Like they say, if you don't like the articles, then don't whine about having to read them.

(BTW, how does flaming MS help MS???)

I don't get it ... (1)

Bilbo (7015) | more than 15 years ago | (#2010102)

I think the previous poster was referring to Mr. Rose's testimony, or that of the various Microsoft representatives - i.e., lieing through their teeth again and again. The botched/faked videotape is another example.

Seems like the judge just keeps handing out more rope for MS to hang itself with...

sloppy again (1)

Urban Dragon (8053) | more than 15 years ago | (#2010106)

What it says in the articles is that Compaq showed some proprietary information that was under NDA to microsoft. Not that microsoft squashed it.

Read. Comprehend. Then Report.

I got really no decent comment (1)

zosima (8652) | more than 15 years ago | (#2010109)

Look, I had too. . . Some people are actually interested in the case. If you aren't interested in the story, don't follow the link. Why would you spend the time to complain about something you feel is a waste of time? Let those of us who want to read the news read the news, and do so without someone who can't articulate his/her thoughts attempt insulting us.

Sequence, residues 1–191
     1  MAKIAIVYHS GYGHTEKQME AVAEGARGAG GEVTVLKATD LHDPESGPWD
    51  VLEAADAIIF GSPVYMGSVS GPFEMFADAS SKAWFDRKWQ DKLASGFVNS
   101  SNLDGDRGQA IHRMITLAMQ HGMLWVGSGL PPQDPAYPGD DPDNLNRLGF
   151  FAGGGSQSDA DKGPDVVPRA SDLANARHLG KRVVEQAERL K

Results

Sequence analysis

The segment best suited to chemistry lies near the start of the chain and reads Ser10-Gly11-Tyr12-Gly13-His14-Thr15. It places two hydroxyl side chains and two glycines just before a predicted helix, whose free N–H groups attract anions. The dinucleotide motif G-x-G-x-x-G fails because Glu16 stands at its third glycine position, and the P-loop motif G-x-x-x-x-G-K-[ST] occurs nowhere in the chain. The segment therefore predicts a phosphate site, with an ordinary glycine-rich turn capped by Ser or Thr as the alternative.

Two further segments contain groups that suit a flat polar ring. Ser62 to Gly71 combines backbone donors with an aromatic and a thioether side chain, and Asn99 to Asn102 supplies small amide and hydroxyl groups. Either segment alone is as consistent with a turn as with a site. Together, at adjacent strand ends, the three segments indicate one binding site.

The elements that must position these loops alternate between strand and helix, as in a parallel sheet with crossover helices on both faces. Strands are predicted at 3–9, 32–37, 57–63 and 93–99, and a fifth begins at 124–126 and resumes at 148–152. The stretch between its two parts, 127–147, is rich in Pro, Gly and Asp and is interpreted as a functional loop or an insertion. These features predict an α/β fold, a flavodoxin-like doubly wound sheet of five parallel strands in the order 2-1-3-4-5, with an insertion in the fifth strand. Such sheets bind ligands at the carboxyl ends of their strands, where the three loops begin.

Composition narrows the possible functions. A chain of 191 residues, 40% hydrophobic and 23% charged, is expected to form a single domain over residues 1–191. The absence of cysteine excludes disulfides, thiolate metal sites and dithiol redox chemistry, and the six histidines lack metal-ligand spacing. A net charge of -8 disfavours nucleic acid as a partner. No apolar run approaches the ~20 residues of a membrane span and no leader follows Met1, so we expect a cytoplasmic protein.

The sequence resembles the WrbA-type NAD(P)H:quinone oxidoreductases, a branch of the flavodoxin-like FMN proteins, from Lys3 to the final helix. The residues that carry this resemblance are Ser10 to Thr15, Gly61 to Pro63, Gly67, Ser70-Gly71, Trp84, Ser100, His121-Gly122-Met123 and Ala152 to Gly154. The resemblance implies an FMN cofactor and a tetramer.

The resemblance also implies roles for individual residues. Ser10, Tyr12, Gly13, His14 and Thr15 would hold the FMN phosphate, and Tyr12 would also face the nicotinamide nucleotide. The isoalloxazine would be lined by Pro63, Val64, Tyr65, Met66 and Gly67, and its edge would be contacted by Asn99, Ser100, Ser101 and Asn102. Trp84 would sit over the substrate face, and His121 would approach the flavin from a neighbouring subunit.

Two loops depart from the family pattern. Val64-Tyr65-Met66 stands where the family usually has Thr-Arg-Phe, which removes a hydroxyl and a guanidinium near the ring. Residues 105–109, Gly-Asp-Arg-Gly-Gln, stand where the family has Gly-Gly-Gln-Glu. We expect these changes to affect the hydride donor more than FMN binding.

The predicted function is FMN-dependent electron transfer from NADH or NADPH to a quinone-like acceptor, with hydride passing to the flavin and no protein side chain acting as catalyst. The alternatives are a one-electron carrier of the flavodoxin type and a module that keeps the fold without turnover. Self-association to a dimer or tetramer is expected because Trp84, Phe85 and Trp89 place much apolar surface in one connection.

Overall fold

Catch-22 (1)

dgenr8 (9462) | more than 15 years ago | (#2010114)

Follow the chain of events, and you will see that the Be information released in court today is a direct result of Microsoft recently claiming in the same court that Be is a viable competitor to Windows. That claim pissed off Be to the extent that they announced a few days ago that they might "join" the case. Now it's obvious why.

The gall... using your monopoly power to shut a competitor out of the market, then holding them up as an example of "competition"... is utterly unbelievable. And ultimately unsustainable. Bullshit and duplicity just don't work the same under cross-examination.

Abusing MS engineers (1)

Duke of URL (10219) | more than 15 years ago | (#2010115)

I never tire of abusing engineers, let alone MSoft engineers.

Abusing MS engineers! (1)

Duke of URL (10219) | more than 15 years ago | (#2010116)

I never tire of abusing engineers, let alone MSoft engineers!

I don't get it ... (1)

deeny (10239) | more than 15 years ago | (#2010117)

Wow, you newgrouped one of my fave newsgroups. We're not worthy!

_Deirdre (also a BeOS user)

Hi. My name's Leo, and I like Word. ("Hi, Leo.") (1)

deeny (10239) | more than 15 years ago | (#2010118)

You're right. Word 5.1 for Mac was the last, best version. But what the fsck did Word 4 (also Mac) need with a fscking screen saver?

As for office software, I use WordPerfect. I actually think I prefer 7 to 8 but I'm using 8.